UE Locals Focus On
GEs Insurance Vision
Representatives of UE-GE Locals
Expect General Electric to ask employees to pay even more for health
care when national negotiations take place in 2000. That is the warning received by UE
local leaders from GE plants who met here May 29 for a meeting of the UE-GE Conference
GE workers can expect the companys "continuing assault on our
benefits" to be a disruptive factor in the next round of negotiations, predicted
Stephen Tormey, Conference Board secretary.
GE's 'VISION' ...
In last years national negotiations, GE presented a "future
vision" involving a choice of company-sanctioned health plans, Tormey reminded the
UE-GE officers and stewards. GE will determine which is the "best performing plan in
the local market," with employees expected to pay any difference in cost between it
and any other medical plans.
GE has already driven a majority of UE-represented employees out of the
traditional Comprehensive Medical Benefits plan and into the GE Health Care Preferred
(HCP), he said. HCP developed as an "option" outside of collective bargaining;
this means that a majority of workers are now in a plan not fully negotiated by the union,
GE is probably correct in its assertions that the late 1990s will see a
resumption of medical cost inflation, said Tormey. This is fueled in large part by the
trend towards mergers and acquisitions by large for-profit health care corporations
acting on business principles GE understands very well.
... "YOU PAY MORE"
"GEs solution for inflation is the same as its always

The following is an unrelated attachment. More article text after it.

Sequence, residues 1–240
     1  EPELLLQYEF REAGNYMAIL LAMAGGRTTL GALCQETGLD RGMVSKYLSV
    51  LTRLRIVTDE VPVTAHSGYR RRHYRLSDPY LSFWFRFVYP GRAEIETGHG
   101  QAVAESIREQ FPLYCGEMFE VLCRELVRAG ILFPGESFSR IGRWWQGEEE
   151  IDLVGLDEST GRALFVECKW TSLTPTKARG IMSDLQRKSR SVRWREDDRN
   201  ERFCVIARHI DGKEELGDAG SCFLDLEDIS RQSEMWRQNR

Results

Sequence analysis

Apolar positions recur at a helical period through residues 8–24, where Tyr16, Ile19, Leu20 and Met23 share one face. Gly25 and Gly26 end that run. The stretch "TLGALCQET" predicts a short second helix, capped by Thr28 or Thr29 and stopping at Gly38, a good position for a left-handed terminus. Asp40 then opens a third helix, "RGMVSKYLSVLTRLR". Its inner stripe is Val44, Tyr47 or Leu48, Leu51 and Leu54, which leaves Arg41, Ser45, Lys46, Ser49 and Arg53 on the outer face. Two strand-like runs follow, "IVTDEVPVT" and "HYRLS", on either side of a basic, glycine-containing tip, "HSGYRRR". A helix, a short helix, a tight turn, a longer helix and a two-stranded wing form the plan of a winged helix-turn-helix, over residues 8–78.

been: you pay more," said Tormey. In fact, GE continued to demand that workers pay an
even greater share of health insurance costs even as its aggregate insurance costs
declined, as they have throughout the 1990s, he said.
With fewer major industrial corporations providing health benefits to
pensioners, GE retirees health benefits may also be at risk, the Conference Board
The real solution, Tormey said, would be a single-payer health insurance
system as advocated by UE and the Labor Party.
In the meantime delegates agreed on the need to prepare early to resist
another round of cost shifting by GE.
Conference Board delegates also received a warning about Social Security
and not that the system is on the verge of bankruptcy.
Instead, UE Research Dir. David Alexander revealed that Wall Street
speculators and right-wing politicians are using false claims and erroneous assumptions to
discredit the nations most popular government program in a plan to privatize the
THE UE-GE DIFFERENCE
Leading local reports was the news that settlement of a grievance gives
some Local 1010 members a total cash settlement of nearly
quarter of a million dollars.
Local 332 members recently walked out of the Fort Edward, N.Y. capacitor
plant to protest the companys expansion of subcontracting. Safety was also a factor,
reported Local Pres. Joyce Sumner. Subcontractors who moved the plants computer room
failed to lock down and tag out properly, leaving themselves and workers exposed to live
wires. "They were not as knowledgeable as our own folks," she said.
Phil Pizzi and Chris Barrickman of Local 731, Conneaut, Ohio reported on
the settlement of a grievance which will guarantee consideration of lateral moves for
future job openings.
Reports from several locations indicated that the company is pushing a new
policy against workplace violence; delegates agreed that the policy could be used as
another excuse to unfairly get rid of workers.
Genl. Pres. John Hovis reported on ongoing efforts to improve the
effectiveness of the Coordinated Bargaining Committee of GE Unions, including steps to
increase involvement by local leaders throughout the multi-union coalition. The union
leader noted that while there is still much to be done, the CBC is on record as trying to
improve and expand its efforts in the areas of organizing, education, communication and